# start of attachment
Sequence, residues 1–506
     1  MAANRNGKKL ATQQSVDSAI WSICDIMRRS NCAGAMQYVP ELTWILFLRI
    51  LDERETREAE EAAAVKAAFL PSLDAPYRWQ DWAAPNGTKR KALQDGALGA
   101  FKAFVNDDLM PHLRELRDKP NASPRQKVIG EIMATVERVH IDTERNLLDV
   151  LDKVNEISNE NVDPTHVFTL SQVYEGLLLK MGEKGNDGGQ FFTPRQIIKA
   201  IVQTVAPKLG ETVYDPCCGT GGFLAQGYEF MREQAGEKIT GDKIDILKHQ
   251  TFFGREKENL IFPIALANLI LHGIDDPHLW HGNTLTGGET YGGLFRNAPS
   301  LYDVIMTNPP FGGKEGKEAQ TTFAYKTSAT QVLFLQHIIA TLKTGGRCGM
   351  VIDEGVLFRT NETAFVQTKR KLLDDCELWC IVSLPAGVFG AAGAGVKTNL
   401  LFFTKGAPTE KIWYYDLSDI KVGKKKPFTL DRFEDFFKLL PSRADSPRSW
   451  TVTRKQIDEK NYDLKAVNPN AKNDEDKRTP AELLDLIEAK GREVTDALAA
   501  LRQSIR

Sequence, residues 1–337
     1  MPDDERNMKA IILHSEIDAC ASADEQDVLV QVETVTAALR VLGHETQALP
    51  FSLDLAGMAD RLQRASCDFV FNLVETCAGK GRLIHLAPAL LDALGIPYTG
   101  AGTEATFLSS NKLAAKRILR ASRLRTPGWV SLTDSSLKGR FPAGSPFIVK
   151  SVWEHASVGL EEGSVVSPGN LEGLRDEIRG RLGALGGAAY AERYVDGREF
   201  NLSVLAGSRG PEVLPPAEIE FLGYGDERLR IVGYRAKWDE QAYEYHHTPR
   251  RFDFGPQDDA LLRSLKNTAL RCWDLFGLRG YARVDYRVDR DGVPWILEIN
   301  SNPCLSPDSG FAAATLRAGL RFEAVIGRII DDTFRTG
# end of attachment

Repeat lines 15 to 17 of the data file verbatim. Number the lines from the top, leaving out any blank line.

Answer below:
    51  FSLDLAGMAD RLQRASCDFV FNLVETCAGK GRLIHLAPAL LDALGIPYTG
   101  AGTEATFLSS NKLAAKRILR ASRLRTPGWV SLTDSSLKGR FPAGSPFIVK
   151  SVWEHASVGL EEGSVVSPGN LEGLRDEIRG RLGALGGAAY AERYVDGREF